In 1995, after my Triple-A season in Iowa, I was sent to Arizona to the Cubs’ Instructional League. It was a crossroads in my career, as Instructional League was usually reserved for younger rising prospects who were just learning how to be professionals. It was not often for those who were 25 years old and a first round pick, like I was, whose career was in limbo.
It was during this six week program where I first saw Kerry Wood. He was drafted in June of that year and to get ahead of the pro curve, he was assigned to the same camp I was in. It would only take watching him pitch to one batter to know he was special.
Not only was the ball coming out of his hand like a lightning flash, but it sounded differently. Maybe it was the sizzle or the pop of the glove, but it was clear that the hitter had little to no time to decide much of anything let alone determine if it was Wood’s 98 mph fastball or his wrinkle in time bender that was coming.
Like many who make it to the big leagues, he was a top draft pick (1st round, 4th overall). But across the board, professional baseball organizations are full of players who were the best somewhere at some point in their lives. Maybe a legend in their neighborhood, their high school, state, their college division. They also had a moment or a game-changing experience that propelled them to greatness. We were all great players in our own right, all coming from another time and place.
But Wood still stood out amongst the best of the best. It was not the numbers, since he had not amassed many by then, it was the potential, the magnetism of watching him pitch, the way the ball came out of his hand. Later, I also faced Wood when I was with the Phillies, and it was like facing time. A moment when doing something great against him would immortalize you or it could work the other way, you would be in the photo marking what he would do against you that could mark a great moment in baseball history. Every time he touched the ball, there was this expectation. Rightfully so.
I am sure that was a lot of pressure on him, battling injuries, fighting with command of his arsenal of “too good” stuff. But he carried it well, especially at such a young age.
Once you get settled into the major leagues, your eyes keep looking up. Your goals get bigger as you learn that the obsession is about the ring. Winning a championship. A World Series. But we all know that this will only be the ending for a select few. Your next best hope is that you may be able to look back and realize that you had created something indelible. Something so good, it is permanent.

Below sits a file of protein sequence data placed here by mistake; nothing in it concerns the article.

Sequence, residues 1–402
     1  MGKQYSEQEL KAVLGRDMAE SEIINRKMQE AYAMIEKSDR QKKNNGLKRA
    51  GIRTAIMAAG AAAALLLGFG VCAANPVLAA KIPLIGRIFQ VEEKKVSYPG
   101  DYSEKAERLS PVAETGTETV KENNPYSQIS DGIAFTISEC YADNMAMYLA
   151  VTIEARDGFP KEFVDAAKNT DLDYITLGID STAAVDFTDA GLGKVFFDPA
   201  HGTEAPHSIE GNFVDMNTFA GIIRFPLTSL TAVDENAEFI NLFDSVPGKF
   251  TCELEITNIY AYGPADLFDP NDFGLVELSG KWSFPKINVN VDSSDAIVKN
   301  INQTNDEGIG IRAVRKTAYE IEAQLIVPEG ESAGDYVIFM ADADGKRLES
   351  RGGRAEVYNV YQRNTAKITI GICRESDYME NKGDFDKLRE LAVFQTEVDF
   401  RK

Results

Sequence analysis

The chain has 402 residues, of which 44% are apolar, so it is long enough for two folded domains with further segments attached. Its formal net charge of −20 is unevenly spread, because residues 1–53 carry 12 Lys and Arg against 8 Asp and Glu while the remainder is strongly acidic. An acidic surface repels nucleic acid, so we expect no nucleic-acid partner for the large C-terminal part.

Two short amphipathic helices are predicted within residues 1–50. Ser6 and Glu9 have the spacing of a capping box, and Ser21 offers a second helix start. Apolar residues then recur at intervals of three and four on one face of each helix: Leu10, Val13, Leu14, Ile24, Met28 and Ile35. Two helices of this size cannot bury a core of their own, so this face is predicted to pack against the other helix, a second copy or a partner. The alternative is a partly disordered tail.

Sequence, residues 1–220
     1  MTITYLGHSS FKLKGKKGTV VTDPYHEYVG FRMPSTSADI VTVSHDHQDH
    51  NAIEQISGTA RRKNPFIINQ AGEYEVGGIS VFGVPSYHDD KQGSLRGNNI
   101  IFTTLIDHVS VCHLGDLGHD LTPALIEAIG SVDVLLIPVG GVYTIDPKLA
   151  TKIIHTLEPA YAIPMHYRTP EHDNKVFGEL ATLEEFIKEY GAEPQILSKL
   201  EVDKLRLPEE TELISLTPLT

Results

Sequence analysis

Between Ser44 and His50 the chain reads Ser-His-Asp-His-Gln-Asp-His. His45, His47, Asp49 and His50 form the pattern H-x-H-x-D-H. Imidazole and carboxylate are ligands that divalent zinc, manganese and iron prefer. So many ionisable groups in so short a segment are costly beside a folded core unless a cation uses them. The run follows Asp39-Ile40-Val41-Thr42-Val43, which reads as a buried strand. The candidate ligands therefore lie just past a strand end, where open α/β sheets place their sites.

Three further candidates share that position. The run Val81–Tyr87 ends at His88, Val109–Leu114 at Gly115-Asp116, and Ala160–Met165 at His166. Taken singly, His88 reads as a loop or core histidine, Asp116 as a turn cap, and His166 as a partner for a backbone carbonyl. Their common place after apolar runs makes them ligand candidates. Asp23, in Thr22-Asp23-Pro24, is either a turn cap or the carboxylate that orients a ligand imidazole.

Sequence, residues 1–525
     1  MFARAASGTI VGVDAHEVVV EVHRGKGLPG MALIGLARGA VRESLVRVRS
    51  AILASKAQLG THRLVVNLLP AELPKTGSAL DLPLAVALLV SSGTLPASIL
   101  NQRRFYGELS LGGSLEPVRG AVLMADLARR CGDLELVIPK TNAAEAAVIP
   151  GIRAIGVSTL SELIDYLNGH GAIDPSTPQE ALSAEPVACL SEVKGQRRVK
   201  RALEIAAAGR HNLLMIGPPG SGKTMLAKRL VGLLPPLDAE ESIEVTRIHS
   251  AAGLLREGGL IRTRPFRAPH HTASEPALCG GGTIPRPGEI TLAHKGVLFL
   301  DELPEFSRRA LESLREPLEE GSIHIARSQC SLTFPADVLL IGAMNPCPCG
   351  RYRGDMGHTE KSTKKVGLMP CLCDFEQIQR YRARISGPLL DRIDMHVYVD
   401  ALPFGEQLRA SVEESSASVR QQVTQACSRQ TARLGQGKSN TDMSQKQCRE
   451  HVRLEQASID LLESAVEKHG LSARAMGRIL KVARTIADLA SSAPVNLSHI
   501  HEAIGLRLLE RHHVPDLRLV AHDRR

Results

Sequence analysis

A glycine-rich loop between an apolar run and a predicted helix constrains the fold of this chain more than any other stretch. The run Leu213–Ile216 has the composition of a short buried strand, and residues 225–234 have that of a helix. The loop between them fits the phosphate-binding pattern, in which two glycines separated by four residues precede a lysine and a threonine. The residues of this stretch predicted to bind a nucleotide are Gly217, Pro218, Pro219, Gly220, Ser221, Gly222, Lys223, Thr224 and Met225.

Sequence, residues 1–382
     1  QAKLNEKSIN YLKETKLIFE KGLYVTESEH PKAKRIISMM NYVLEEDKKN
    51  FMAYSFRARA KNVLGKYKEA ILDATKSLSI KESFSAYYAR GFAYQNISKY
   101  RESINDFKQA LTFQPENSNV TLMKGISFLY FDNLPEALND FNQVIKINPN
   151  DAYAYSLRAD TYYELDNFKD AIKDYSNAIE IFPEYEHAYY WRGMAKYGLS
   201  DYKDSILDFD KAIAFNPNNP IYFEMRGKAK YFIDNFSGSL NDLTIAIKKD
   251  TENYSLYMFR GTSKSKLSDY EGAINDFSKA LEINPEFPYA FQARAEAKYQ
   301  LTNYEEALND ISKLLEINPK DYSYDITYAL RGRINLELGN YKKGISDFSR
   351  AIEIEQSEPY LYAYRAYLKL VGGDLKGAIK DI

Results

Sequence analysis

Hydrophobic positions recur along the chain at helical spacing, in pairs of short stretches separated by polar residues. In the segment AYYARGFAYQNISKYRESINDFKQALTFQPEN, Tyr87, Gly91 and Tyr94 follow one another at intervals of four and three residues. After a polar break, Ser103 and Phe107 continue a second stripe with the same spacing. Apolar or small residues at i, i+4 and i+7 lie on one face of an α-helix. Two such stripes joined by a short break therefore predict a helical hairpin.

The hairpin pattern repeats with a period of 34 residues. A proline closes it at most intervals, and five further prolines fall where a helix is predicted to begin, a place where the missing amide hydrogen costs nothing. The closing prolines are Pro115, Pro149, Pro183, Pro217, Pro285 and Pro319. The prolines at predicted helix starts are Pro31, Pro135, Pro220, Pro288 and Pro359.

Twenty years ago on this day, Wood did just that at the ripe old age of 20. A complete game, one-hit wonder, with no walks, and 20 strikeouts. Everything that came out of his hand, mocked physics, and danced with the gods. I was playing with the Phillies at the time, and even then, the buzz around the league was obvious. What were we watching? Hard to tell because no one could explain the kind of domination he unleashed, the metrics could not quantify it. Even the English language did not have the right words. It was before its time. Language and math needed to catch up.
At the time, I was in my third major league season. Still not fully secure, but on my way. Wood came into that game with a 5.89 ERA. 18.1 IP, 15 H 12 BB 25 Ks. Most likely trying to figure out where his future would go. Unsure if his lifetime of being the king of the hill could run into the uncharted ego-checking terrain in the big leagues. The same thought that all of us have at one time or another when the game was no longer automatic like it had been for the vast majority of our past. Welcome to rookie year.
Yet this game would stand alone. It didn’t matter his ERA going into the game. It did not matter what hitters hit against him before. No shifting, no pitch framing statistics. It transcended our analytic world and let artistry in.
There are moments when sport becomes art, when it becomes clear that what a player physically can do is as enchanting as beautiful music or the rising of the sun over Malibu Beach. That day, Kerry Wood was an artist, and he did not make macaroni art with Elmer’s Glue, but he painted one of baseball’s greatest masterpieces. His moment became our moment, the game’s moment. And with the clean lines of his performance, it will forever hang with the best our game has ever offered. A timeless artifact of baseball history.
No matter how many times you watch it.